Religious tensions flared again in January as 95 people died in a weeklong series of riots on four eastern Indonesian islands in the province of Maluku. It marked the nation's worst violence since President Suharto resigned last May.
Two-dozen churches and mosques as well as 570 homes and businesses were destroyed in the rampage, the worst of it on Ambon Island. Christians and Muslims attacked each other with knives and machetes. A priest was killed and a Roman Catholic church built in 1780 burned down on Ambon Island, 1,400 miles northeast of Jakarta.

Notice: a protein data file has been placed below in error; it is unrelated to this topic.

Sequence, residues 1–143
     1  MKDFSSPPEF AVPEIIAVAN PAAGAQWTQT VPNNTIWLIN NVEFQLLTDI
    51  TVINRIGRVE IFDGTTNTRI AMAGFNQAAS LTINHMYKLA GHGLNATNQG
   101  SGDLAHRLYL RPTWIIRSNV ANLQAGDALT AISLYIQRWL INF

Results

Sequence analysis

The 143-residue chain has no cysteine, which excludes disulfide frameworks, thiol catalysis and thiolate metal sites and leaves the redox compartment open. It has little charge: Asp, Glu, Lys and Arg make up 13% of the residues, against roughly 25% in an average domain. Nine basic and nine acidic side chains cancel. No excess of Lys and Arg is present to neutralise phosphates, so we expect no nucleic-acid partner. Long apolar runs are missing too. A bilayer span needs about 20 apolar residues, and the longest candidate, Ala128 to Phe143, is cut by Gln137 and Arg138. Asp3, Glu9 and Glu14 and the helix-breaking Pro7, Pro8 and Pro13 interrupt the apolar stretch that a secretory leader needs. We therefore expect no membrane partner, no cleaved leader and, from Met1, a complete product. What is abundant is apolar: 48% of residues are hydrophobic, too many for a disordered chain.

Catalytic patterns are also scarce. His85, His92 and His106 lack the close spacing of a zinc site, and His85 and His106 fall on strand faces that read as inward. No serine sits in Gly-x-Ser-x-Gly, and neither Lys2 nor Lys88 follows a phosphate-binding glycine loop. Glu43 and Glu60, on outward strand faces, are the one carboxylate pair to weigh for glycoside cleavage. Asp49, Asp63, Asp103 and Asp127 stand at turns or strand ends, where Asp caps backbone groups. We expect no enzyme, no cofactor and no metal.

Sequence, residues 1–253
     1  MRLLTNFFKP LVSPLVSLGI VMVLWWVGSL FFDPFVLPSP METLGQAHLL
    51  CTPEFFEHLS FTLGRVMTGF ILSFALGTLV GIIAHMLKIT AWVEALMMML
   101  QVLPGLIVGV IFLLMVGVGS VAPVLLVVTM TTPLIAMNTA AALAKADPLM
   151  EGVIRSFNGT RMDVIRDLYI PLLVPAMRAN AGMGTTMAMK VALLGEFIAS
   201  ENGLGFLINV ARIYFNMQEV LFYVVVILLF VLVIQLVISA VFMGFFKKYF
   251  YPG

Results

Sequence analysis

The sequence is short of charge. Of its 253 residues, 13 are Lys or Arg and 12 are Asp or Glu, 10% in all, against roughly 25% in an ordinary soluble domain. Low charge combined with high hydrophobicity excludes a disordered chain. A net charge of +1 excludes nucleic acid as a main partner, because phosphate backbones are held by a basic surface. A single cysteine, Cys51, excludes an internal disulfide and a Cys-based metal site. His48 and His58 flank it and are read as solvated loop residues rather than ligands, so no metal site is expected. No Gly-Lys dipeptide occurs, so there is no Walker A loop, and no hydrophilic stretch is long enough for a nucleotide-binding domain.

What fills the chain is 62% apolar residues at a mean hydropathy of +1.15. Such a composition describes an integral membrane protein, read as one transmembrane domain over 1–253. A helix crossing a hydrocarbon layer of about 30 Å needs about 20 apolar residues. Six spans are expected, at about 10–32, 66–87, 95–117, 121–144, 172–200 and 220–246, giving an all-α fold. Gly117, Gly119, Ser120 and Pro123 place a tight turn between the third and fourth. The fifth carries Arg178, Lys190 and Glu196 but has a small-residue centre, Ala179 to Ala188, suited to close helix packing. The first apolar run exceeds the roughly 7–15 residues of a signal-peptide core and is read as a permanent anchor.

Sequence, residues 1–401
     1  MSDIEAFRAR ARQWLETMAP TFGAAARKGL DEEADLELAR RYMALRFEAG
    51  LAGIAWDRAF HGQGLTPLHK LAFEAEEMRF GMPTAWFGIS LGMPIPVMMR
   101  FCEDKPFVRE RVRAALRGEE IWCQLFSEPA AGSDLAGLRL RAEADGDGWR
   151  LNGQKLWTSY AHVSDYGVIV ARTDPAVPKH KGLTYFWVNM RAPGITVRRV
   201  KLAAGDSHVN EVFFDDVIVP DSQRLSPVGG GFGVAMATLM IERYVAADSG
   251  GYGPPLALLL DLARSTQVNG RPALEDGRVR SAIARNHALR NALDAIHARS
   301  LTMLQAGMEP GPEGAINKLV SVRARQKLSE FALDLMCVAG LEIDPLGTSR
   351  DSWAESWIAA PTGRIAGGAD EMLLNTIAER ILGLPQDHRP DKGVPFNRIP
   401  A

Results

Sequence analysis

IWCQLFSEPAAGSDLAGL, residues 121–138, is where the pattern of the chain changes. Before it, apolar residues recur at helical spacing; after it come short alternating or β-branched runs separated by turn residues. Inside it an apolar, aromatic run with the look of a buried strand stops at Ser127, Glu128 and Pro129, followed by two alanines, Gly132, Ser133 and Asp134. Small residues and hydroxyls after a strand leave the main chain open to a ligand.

At the height of the conflict, around 20,000 people fled to military bases, police stations, and houses of worship for safety. Thousands of troops and police took to the streets to restore order in the world's most populous Islamic country.1
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